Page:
Why you should brand your clinical trial

The clinical trial landscape is becoming crowded. Currently there are 284,058 registered studies with trial sites in the United States and overseas, according to ClinicalTrials.gov. The sheer number of trials competing for patients, investors, and investigators makes it more difficult to attract people and resources for your trial. To move forward, you’ll need to differentiate.

This is where a strong, carefully thought out branding program can help. How?

Branding humanizes a trial

Here’s the name of a current trial for a new medication: Safety, Tolerability and PK/PD of SHR1459 in Healthy Volunteers. Compare that to the trial name for the use of the anti-clotting agent clopidogrel—CURE (Clopidogrel in Unstable Angina to Prevent Recurrent Events). Not only is the first name difficult to remember, it’s extremely clinical and dry. The name of the second trial is both more memorable and more appealing to potential patients, thanks to the positive association with the word cure, which can help increase patient recruitment. The trial name is the first step in a patient-friendly approach that translates clinical terminology into language that patients can understand. This translation should carry through all the recruitment materials.

Branding helps you reach your target audience

Most trials focus on a specific patient population—women with breast cancer, young stroke survivors, low-income, or older men with heart disease, for example. Branding is an opportunity to speak to potential trial participants using language and visuals that resonate with them and make them feel that the trial sponsor understands their needs and concerns.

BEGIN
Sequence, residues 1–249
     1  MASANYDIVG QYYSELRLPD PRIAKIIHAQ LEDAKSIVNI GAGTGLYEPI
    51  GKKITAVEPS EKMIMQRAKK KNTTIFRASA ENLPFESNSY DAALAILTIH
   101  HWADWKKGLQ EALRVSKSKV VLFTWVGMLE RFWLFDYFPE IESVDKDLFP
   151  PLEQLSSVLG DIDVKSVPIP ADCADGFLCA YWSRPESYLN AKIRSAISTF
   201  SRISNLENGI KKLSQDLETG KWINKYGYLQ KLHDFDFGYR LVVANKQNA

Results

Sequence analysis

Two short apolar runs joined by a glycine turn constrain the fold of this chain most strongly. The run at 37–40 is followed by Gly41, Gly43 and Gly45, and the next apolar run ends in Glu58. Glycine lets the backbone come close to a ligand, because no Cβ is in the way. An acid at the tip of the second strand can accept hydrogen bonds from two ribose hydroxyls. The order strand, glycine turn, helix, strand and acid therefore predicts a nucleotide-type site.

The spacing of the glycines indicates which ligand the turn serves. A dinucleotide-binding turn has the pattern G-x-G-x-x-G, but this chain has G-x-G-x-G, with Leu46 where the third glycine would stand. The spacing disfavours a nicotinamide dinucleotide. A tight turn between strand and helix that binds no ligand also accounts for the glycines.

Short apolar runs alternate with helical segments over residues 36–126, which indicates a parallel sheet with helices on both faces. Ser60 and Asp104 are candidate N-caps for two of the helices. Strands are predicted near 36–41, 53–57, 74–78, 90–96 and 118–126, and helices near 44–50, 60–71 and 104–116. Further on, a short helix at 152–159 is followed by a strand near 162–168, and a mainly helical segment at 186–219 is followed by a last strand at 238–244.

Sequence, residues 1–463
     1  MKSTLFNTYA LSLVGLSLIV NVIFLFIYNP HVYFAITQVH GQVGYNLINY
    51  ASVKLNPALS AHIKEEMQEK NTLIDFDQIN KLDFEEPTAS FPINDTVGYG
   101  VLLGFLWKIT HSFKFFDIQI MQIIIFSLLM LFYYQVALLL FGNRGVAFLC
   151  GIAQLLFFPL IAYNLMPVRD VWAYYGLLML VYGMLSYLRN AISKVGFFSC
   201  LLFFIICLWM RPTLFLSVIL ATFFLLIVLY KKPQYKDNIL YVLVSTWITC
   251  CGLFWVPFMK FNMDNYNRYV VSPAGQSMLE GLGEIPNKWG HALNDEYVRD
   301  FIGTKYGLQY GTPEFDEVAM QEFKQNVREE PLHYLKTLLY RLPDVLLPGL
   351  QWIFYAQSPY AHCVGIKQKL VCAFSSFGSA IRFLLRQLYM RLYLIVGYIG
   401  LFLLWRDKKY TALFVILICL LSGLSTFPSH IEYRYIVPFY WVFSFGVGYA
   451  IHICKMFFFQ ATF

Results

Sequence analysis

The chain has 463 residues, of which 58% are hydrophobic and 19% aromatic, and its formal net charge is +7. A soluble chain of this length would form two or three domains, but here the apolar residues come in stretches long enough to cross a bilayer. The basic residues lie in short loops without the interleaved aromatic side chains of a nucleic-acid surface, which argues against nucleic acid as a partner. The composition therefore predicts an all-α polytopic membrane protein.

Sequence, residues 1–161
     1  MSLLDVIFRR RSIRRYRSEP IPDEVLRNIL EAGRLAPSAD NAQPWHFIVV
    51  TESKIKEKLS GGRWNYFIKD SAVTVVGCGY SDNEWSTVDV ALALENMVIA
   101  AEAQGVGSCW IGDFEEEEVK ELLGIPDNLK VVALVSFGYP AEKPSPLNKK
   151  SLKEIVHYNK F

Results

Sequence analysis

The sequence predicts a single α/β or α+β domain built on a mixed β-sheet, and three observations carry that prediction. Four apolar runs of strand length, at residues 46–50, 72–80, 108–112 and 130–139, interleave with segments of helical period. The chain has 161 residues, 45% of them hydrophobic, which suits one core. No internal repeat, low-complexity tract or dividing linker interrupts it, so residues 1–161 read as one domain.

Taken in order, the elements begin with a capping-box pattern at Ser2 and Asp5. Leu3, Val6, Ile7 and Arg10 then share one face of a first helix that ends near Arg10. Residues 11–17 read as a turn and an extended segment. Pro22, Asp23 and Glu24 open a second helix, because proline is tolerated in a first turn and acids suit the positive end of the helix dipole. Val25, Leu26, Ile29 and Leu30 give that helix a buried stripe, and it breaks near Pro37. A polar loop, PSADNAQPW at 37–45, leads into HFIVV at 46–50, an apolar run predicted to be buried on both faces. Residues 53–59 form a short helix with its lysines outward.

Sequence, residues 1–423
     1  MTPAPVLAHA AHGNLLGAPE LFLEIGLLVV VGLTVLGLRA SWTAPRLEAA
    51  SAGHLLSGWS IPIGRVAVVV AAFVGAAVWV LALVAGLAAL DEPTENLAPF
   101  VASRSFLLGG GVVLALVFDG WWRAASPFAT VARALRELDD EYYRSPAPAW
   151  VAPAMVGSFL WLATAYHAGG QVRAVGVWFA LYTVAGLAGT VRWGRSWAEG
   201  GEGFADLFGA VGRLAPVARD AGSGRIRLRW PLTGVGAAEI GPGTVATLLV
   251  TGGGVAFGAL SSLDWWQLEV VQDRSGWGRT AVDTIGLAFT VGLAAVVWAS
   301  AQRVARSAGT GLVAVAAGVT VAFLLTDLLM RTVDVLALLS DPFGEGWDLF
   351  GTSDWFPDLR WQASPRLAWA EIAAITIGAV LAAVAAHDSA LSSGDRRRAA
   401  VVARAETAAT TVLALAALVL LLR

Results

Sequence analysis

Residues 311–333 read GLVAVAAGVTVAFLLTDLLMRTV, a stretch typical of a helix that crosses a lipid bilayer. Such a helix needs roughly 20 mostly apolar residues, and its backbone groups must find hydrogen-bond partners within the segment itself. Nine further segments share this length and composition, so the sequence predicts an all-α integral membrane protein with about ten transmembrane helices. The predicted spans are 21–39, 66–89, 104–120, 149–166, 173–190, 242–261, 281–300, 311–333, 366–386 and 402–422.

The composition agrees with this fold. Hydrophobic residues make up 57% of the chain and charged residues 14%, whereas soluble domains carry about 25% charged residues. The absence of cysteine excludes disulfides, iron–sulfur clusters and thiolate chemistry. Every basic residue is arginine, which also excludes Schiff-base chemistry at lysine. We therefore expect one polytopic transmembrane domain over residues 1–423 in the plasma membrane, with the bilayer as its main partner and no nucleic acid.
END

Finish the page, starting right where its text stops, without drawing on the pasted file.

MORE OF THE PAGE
Branding lays the foundation for future marketing

Branding a clinical trial is the first step in building brand awareness and equity. In the crowded field of drug development, begin differentiating your product from the competition during the clinical trial stage. A strong brand can drive increased awareness among patients and investors, which will pay dividends when the product comes to market. Also, develop the graphic look and feel of future marketing materials during clinical trial branding. Doing so creates a visual image that remains consistent from trial to market and boosts product awareness.

Branding builds confidence

Recruiting enough patients for clinical trials is increasingly difficult. Patients are more likely to respond to trial materials that are polished, professional, and easy to understand, and clearly explain the goals and benefits of the trial. Professional-looking materials bolster the legitimacy of the trial. They also make patients feel more comfortable and confident taking part in a trial than if the materials consisted of a photocopied word-processing document filled with difficult-to-decipher clinical language.